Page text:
City of St. Louis Offers Residents Opportunities to Weigh in on Priorities for Next $250 Million from American Rescue Plan
The administration is also planning town halls, roundtables and discussions with community leaders and stakeholders to hear directly from St. Louisans
Today, the City of St. Louis released a digital survey for residents to weigh in on their priorities for how elected leaders should allocate the remaining $250 million in federal American Rescue Plan funding heading to the city. The administration is also planning town halls, roundtables, and drop-in discussions with community leaders and stakeholders to hear directly from St. Louisans what they’re looking for in this once-in-a-generation opportunity to reinvest in our city.
“Community input has always guided the way my administration looks to spend American Rescue Plan Act funds,” said Mayor Tishaura O. Jones. “We’re already working to help thousands of families put food on the table, expand community violence intervention programs, and provide free public transit to our youth, but it’s just the beginning. The City wants to hear from residents about how they want to prioritize the remaining hundreds of millions of dollars still heading to St. Louis.”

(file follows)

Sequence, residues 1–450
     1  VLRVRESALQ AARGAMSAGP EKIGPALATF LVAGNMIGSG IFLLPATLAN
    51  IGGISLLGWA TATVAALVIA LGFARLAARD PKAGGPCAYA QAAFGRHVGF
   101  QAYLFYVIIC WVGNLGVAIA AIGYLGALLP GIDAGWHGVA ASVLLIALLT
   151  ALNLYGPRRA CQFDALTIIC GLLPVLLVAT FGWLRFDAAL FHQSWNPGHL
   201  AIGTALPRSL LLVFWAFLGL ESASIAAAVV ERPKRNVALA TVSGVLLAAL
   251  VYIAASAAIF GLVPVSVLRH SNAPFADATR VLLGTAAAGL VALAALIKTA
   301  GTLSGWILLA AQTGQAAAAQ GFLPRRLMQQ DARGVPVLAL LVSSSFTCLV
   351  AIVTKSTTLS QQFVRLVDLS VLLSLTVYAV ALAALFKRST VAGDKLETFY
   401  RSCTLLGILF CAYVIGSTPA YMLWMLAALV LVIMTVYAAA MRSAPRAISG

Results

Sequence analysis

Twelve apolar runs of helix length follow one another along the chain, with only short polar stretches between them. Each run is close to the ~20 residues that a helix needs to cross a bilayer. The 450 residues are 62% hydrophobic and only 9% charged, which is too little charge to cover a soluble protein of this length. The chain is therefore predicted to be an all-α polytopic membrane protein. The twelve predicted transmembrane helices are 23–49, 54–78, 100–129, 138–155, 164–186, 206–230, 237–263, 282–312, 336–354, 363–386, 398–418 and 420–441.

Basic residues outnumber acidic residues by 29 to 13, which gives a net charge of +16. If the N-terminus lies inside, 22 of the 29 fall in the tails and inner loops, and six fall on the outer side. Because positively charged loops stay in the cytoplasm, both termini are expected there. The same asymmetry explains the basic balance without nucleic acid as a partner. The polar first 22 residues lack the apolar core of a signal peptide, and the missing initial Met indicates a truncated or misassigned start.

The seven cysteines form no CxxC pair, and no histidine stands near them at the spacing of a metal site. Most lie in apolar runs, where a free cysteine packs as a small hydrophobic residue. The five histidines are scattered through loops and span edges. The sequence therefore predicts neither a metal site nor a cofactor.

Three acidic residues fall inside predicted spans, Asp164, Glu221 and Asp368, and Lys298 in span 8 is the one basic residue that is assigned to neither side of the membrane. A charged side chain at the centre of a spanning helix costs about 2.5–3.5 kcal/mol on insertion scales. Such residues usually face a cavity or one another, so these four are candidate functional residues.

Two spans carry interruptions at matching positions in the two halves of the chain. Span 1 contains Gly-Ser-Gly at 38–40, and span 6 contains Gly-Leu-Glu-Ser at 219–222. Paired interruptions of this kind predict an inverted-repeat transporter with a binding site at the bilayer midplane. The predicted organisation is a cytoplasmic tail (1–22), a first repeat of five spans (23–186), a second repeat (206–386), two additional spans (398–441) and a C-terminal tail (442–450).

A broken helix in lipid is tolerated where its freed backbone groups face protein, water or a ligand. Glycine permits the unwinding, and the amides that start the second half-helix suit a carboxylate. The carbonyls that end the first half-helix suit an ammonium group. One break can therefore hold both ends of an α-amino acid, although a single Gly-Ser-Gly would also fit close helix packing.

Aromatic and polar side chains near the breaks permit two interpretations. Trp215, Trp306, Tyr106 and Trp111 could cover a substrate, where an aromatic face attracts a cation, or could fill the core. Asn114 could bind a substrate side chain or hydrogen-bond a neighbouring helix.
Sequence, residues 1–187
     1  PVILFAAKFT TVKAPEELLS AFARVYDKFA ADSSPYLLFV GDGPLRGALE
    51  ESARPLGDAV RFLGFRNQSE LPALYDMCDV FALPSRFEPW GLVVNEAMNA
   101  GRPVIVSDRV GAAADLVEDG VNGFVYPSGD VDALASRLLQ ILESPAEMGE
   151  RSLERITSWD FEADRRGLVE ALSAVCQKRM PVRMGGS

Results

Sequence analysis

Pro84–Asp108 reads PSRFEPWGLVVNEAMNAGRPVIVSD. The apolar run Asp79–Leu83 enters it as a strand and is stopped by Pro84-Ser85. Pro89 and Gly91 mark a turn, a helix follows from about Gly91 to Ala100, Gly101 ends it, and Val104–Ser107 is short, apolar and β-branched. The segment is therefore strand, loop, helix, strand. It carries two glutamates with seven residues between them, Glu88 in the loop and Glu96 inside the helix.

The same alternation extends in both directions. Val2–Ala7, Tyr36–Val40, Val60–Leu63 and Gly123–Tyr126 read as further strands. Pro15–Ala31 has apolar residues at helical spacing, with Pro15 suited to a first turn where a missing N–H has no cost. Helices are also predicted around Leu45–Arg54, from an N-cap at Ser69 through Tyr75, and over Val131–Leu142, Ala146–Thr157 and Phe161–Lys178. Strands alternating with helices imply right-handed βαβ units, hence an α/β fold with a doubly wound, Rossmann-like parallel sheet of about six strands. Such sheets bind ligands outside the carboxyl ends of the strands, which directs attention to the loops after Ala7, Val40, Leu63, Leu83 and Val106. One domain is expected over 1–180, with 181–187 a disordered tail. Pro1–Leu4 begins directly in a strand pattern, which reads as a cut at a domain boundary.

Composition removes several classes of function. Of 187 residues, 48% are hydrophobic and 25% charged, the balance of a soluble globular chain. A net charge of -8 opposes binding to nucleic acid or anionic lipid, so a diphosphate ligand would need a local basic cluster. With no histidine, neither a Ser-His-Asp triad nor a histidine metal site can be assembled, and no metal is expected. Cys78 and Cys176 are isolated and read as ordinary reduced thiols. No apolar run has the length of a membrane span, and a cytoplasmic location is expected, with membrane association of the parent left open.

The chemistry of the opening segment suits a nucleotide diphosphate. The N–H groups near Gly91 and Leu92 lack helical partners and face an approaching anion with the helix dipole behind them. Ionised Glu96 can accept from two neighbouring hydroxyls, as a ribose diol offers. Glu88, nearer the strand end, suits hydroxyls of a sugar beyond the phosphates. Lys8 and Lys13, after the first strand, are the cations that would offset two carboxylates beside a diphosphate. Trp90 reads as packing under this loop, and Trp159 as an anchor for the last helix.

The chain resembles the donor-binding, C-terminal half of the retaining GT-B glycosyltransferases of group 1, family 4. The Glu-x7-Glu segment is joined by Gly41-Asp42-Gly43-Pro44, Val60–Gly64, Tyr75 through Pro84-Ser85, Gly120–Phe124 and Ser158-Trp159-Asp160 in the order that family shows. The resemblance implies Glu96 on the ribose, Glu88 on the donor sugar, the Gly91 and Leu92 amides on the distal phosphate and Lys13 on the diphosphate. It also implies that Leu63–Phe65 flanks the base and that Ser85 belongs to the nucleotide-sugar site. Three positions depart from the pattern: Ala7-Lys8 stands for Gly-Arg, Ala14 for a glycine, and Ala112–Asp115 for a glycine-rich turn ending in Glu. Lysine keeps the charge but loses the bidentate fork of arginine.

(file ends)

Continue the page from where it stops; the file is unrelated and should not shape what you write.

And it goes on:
The survey is broken into seven main categories: Household assistance; neighborhood transformation; economic empowerment; government services; support for children and youth; public health; and infrastructure improvements. All funding must be used in line with US Treasury Guidelines. A paper copy of the survey will be developed as well for community organizations and available in additional languages.
More than $129 million in federal dollars have been passed out of the Board of Estimate and Apportionment in the past month, including funding to repave roads and repair bridges, provide vehicle upgrades for the Refuse Division, deliver small business grants for North St. Louis, improve accessibility per American with Disabilities Act guidelines, and more. These appropriations await final passage by the Board of Aldermen then head to Mayor Jones’ desk.